Unnecessary logging in the Tongass National Forest, America’s largest natural carbon sink
The temperate rainforests that make up the nearly 17 million-acre Tongass National Forest in Southeast Alaska are some of the most unique forests in the world. The Tongass still has large stands of old-growth forest—9.7 million acres—that have never been logged or significantly altered by development. One-third of this old growth is permanently protected in wilderness areas. Most of the remaining 6.3 million acres are in “roadless areas,” which are protected by a U.S. Forest Service rule that the Trump administration recently proposed to lift for the Tongass. This would make all of the roadless acreage vulnerable to logging and extraction.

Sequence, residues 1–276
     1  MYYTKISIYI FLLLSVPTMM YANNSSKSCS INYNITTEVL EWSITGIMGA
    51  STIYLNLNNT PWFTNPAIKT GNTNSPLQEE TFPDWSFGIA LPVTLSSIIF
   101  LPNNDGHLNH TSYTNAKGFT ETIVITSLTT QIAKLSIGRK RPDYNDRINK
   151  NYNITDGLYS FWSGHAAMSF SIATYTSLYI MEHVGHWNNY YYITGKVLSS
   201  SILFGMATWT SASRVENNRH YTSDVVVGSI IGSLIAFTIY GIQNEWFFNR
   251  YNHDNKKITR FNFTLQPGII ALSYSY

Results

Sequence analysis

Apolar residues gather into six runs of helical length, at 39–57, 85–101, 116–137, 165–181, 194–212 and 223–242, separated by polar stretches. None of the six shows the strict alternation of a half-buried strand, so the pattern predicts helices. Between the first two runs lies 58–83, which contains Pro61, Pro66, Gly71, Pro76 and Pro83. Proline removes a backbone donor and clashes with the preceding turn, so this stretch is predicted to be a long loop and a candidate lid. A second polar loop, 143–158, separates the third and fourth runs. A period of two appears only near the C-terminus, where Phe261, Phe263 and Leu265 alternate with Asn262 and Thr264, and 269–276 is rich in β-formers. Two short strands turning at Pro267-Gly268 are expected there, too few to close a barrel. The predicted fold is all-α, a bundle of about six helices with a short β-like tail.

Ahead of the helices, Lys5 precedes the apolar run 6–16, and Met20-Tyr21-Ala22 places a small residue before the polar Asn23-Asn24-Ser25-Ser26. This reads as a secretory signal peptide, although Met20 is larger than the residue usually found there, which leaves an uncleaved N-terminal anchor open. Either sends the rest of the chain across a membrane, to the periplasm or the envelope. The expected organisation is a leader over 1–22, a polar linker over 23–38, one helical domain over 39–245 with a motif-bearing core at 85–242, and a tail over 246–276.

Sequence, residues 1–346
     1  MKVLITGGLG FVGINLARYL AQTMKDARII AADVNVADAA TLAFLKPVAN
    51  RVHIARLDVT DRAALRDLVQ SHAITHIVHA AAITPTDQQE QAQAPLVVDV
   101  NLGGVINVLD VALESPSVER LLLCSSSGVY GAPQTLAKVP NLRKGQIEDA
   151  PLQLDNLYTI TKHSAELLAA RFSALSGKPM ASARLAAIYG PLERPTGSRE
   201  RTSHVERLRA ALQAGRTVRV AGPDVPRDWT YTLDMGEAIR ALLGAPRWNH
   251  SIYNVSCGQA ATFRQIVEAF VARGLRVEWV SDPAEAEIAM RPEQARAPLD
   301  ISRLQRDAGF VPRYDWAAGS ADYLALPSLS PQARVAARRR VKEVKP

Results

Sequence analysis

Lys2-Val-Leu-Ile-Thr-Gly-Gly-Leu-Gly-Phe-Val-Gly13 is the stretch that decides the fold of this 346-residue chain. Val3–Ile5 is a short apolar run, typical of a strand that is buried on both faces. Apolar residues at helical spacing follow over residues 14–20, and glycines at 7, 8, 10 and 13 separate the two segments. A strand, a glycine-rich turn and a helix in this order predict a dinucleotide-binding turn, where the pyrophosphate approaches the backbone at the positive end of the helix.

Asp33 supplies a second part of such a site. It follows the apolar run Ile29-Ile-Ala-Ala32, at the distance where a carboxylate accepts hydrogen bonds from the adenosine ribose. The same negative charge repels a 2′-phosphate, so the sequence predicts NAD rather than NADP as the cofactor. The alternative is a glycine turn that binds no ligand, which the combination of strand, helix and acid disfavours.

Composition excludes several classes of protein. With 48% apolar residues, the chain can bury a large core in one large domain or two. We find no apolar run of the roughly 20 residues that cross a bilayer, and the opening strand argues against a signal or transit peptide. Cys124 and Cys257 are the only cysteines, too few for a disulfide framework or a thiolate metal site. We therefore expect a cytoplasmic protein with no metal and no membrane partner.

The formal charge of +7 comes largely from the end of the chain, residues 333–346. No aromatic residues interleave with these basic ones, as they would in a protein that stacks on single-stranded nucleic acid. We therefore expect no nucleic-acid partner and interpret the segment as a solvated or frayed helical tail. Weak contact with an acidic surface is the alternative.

The administration’s Tongass Draft Environmental Impact Statement would immediately reclassify 165,000 acres of old growth as “suitable timber land” for logging and place millions more acres at risk of logging over the coming years. These ancient forests make the Tongass a valuable carbon sink—one of the most important ecosystems for storing carbon. One acre of old-growth forest is estimated to store nearly 70 tons of carbon in leaves, trunks, roots, and soil. In addition, each acre of old-growth forest has the capacity, on average, to sequester, or capture from the air, an additional 1,600 pounds of carbon every year.